lemei nida (Num. 19:9) ('into waters of nida') What does nida mean here? Onkelos (2nd cent.) translates this term as 'into waters of adayuta' ('sprinkling') and R' Sa'adya Gaon (9th-10th cent.) 'into waters of alnatz'ah' which is explained in 'Neveh Shalom' (by R' Amram Korah, a late 19th century Yemenite scholar giving Hebrew translations and commentary to the translation of R' Sa'adya Gaon, published in Keter HaTorah, Ha'Tag' HaGadol Hamisha Humshei Torah, ed Yosef Kapah, Yerushalayim, '719) "as 'into waters of' hazaya ('sprinkling') as it states vayadu even bi ('and they cast a stone at me') and see Rashi z"l." Indeed Rashi (11th cent.) explains 'into waters of' hazaya 'sprinkling' and adds 'like vayadu even bi (Lamentations 3:53) ('they cast a stone at me') leyadot et karnot hagoyim ('to cast out the horns of the nations' Zech. 2:4) a term meaning throwing.'
It is well known that by way of interchange of letters (not necessarily of the same point of articulation in the vocal tract) it is possible to relate Aramaic words to Hebrew cognates. Thus our case is an example of the frequent equivalence of a word that has a Zayin in Hebrew to a word that has a Dalet in Aramaic. Other examples are: zachar ('male') in Hebrew, dachar in Aramaic; zahav ('gold') in Hebrew, dahava in Aramaic. Therefore Onkelos translates lemei nida 'into waters of adayuta' (which is the Aramaic for the Hebrew haza'ah) and R' Sa'adya Gaon and Rashi accepted this interpretation. However R' A. ibn Ezra translates it as "into waters of exclusion" as Onkelos translates nida in other contexts, not accepting the relationship which the above commentators assume as a guide to translation.
However in many instances R' A. ibn Ezra uses relationship of words in Hebrew with Arabic words to clarify the meaning or grammatical structure of words in the Tenach. In at least one place (Exod. 15:2) R' A. ibn Ezra argues that he can clarify the meaning on the basis of Arabic which Rashi could not do. Thus it is agreed by all the commentators that these languages have a familiar relationship. This is mentioned in the Gemara too: 'Rabbi Chanina says [Babylonia] their language is close to that of the Torah' (Pesach. 87:2). For more that 200 years, scholars have been calling these languages 'Semitic' (after Shem the son of Noah). One of the features of these languages is the preponderance of three-letter roots. It is from here that the term 'anti-Semitism' has spread - meaning hatred of the people of the famous Semitic language.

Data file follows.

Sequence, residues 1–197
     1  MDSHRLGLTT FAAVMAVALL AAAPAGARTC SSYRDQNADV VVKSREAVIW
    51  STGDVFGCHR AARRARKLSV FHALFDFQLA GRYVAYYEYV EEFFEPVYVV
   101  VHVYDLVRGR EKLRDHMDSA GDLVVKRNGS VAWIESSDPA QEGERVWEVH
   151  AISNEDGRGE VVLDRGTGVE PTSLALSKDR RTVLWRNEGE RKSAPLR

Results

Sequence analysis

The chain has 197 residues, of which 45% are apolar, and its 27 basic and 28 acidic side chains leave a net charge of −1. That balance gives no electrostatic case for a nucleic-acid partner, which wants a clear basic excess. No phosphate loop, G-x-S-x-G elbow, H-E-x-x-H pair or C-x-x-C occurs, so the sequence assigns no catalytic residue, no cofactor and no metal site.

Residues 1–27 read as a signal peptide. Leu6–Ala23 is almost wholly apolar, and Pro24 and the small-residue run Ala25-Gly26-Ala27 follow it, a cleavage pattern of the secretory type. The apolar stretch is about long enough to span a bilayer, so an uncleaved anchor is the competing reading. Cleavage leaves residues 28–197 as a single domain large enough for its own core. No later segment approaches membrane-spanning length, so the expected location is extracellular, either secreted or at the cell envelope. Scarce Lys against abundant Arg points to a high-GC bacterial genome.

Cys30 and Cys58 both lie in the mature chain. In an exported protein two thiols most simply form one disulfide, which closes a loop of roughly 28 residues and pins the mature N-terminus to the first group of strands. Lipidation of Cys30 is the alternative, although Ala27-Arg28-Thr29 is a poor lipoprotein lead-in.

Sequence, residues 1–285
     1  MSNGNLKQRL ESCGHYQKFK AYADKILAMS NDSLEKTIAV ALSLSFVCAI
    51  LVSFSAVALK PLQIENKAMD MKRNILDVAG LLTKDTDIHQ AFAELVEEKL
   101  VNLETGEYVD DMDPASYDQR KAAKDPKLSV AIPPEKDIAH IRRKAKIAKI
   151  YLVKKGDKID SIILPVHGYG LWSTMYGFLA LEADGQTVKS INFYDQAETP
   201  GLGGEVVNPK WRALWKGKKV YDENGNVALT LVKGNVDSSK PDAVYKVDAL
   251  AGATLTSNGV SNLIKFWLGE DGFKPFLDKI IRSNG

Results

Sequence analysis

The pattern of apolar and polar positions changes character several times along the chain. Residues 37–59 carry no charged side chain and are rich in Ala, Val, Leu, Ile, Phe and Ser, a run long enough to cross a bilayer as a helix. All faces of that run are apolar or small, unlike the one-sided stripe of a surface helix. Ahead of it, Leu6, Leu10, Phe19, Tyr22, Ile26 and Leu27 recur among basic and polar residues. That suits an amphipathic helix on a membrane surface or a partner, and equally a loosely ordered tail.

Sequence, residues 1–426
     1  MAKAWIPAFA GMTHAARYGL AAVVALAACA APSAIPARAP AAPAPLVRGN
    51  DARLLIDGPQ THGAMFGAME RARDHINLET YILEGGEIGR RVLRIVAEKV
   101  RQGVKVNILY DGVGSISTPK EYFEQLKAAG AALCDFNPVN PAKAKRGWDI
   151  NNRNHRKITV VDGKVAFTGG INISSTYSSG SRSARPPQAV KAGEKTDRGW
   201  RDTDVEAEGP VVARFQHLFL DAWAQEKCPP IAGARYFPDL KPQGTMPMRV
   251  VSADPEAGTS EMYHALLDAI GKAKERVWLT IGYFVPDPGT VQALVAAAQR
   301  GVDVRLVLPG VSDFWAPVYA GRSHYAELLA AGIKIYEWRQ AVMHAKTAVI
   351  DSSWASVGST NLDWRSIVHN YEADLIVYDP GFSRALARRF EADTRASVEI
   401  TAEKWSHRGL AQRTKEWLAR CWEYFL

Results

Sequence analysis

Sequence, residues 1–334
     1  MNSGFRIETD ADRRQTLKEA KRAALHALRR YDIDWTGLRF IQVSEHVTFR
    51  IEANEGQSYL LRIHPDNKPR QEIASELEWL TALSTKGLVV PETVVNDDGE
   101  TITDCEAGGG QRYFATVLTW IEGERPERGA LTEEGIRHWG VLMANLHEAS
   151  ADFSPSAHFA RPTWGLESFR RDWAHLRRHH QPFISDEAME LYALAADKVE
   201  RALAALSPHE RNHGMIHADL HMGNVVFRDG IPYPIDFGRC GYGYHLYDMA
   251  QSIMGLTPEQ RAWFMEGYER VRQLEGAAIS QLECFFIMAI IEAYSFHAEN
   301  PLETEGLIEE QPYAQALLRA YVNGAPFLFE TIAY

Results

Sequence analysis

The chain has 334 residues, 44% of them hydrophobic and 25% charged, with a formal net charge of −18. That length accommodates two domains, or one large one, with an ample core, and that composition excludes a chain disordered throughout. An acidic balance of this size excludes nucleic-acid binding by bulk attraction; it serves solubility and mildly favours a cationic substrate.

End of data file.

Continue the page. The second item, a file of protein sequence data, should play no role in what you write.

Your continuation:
A Three-Letter Root
venashim (Num. 21:30) ('we will make [them] desolate') 'The Shin has a Dagesh - it is an expression of shemama ('desolation'), this is what the proverb speakers will say "venashim them up to Nofach" [that is to say] we made them desolate up to Nofach' (Rashi). 'For the Shin having a Dagesh indicates the second Mem of shemama as though he wrote shemama with two Mems' (R' Eliyahu Mizrachi, 15th-16th cent.). The Be'er Rechovot (18th cent.) writes that according to Rashi the root is Shin, Mem, Mem, as though it said venashmim and the Dagesh in the Shin indicates the dropping of the middle Mem, and this the Be'er Rechovot writes 'is contrary to the rules of grammar, for in the opinion of Rashi we then need to say that the Dagesh in the Shin indicates the loss of a letter following, and in truth Dagesh can only indicate the loss of a letter before it.'
It is possible that the Be'er Rechovot is right and Rashi is in error 'for we have found that even the early Amoraim erred in decisions on dinim and afterwards reversed themselves' (Sefer Chafetz Chaim, (19th cent.) Hil. Leshon Hara 6:8 in addendum) but before accepting such a conclusion one should first check carefully. First one must note that Rashi does not write that the Dagesh in the Shin indicates the dropping of the middle Mem; this is something that the Be'er Rechovot reads into Rashi (R' E. Mizrachi does similarly). Second, Rashi is not alone. R' A. ibn Ezra writes venashim is of the double-letter verbs [ie the root is Shin, Mem, Mem] and the Chirik is in place of Kamatz-katan [i.e. Tzerei], as we find vayaseiv elokim et ha'am. Minchat Shai (16th-17th cent.) writes 'the Nun has a Patach and the Shin has a Dagesh like im-lo-yashim'' (Jer. 49:30) and there Radak (12th-13th cent.) writes 'it is an expression of shemama' as does Rashi here. We can see that R' A. ibn Ezra (a pioneer of Hebrew grammar) and Radak (the codifier of Hebrew Grammar) agree with Rashi; how can Be'er Rechovot read a meaning into Rashi which is clearly against the rules? Thus we must say that the Dagesh in the Shin is a special rule for the double-letter verbs, perhaps to maintain the over-all three-letter structure of the root but not to replace a specific letter.
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I will be
pleased to have comments on these notes on the Parasha.
This article is provided as part of Shema Yisrael Torah Network
For information on subscriptions, archives, and